Berlin-based label Ottolinger first caught our eye during the Fall/Winter 2018 runway season, when they debuted at the VFILES fashion show. We loved their ease and modernity, made all the more intriguing with nontraditional design techniques like burning holes their clothes with fire. They've continued to impress the greater fashion world, earning them a spot on the LVMH Prize shortlist. Not bad for a label that's just a few years old.

For their Fall/Winter 2019 collection, designers Christa Bösch and Cosima Gadient continued their experiment with fire, but paired it with standout individual ready-to-wear pieces. A white cotton t-shirt shirt looked like it met an unfortunate end in a fireplace, but with pristine long puffed sleeves that beautifully framed a buttoned corset. A burned-out gingham skirt recalled a barn fire from any number of teen girl prairie novels, accented with sheer bedazzled tights from a much more excessive era: the early 2000s.

In fact, references to early aughts were everywhere. Coming up on 20 years since the turn of the millennia, it feels nostalgic for a youth that didn't live through it, if slightly bemusing to those who did. The early 2000s were known for its tacky reckless abandon; consumerism that only an economic boom could provide, with technology and changing sexual attitudes becoming a central part of life rather than an add-on. Ottolinger took some of the more absurd aspect of the aughts and made them feel fresh, giving them a dose of the realism that we value today. The tiny bags of those years are intriguing today because it needs to only fit a wallet, keys, and smartphone; slashed tulle tops are allowed to have a haphazard quality because they're paired with concrete grey patent trousers.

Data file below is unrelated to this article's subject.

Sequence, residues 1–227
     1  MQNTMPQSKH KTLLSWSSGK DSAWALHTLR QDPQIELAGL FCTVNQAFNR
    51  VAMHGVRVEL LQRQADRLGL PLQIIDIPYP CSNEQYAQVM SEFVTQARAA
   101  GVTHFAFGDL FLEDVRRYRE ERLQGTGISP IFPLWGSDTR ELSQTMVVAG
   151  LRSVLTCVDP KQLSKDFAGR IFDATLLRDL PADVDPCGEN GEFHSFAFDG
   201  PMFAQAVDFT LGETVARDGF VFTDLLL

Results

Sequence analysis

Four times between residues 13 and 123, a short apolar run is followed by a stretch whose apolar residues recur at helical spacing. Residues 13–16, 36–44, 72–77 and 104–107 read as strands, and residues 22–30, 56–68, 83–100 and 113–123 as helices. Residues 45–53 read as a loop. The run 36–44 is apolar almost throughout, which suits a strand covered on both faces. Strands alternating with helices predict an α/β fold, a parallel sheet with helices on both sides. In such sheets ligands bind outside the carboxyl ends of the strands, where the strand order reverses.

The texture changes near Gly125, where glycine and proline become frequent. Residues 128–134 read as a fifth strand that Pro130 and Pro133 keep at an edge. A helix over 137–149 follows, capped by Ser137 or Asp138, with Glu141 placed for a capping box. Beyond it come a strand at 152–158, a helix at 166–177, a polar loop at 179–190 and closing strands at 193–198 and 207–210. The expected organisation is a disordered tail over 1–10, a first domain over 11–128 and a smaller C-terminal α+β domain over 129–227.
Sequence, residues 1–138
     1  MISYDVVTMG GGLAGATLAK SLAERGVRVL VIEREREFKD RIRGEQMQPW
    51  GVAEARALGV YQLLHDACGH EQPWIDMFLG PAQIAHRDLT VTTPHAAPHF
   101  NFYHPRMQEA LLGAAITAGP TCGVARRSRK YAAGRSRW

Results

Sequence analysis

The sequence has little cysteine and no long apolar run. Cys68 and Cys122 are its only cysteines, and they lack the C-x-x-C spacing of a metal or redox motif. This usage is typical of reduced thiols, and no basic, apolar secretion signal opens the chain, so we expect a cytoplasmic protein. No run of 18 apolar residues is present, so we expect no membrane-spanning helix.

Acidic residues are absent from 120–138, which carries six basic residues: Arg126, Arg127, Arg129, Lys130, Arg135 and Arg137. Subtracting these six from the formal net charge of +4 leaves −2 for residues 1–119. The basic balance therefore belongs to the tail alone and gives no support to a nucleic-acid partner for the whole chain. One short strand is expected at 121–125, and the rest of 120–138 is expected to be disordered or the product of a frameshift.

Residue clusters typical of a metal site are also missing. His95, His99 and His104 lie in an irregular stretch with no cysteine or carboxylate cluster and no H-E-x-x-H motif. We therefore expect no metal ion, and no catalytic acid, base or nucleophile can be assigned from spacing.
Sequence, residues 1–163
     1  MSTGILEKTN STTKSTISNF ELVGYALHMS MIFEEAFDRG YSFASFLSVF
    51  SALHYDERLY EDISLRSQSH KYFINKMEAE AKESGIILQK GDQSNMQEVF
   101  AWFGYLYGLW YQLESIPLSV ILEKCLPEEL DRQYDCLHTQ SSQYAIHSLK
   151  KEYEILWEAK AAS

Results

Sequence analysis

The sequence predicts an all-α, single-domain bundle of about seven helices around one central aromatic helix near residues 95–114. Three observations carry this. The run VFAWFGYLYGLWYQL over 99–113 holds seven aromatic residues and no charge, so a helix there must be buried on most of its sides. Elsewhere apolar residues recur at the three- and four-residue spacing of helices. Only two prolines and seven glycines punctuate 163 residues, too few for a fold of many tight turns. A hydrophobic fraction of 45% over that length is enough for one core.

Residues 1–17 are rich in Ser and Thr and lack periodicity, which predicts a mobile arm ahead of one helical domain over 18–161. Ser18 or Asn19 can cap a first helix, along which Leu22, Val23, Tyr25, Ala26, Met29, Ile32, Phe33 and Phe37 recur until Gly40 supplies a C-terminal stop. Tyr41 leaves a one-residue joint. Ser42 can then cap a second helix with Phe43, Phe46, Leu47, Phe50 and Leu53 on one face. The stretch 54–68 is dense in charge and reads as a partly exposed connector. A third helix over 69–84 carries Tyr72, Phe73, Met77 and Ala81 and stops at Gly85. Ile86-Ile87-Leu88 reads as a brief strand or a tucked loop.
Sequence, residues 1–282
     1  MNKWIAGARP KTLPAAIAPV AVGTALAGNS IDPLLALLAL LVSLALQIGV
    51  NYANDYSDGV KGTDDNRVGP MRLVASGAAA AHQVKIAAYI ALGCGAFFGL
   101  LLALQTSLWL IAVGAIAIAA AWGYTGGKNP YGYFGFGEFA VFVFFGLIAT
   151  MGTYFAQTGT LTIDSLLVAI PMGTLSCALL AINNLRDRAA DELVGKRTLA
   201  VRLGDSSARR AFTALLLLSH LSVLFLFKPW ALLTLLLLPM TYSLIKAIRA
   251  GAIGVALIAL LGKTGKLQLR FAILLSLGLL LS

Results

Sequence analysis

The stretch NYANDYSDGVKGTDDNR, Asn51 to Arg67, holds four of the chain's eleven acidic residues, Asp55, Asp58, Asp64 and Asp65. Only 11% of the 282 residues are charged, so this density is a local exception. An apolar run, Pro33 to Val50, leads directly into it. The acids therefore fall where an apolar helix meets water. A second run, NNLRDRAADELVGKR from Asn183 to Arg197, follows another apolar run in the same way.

As the label expands, look for their work to retain their punk sensibility. It's a challenge for any label, to be sure, but last year Bösch told W Magazine that "it's about finding a good balance. If it's too commercial, it's boring for us. And then it's boring for you." Nothing about their latest collection is boring, nor does it feel bogged down by commercialism, although a commercialistic era was its influential starting point. Click through for photos.

Photography: Kohl Murdock

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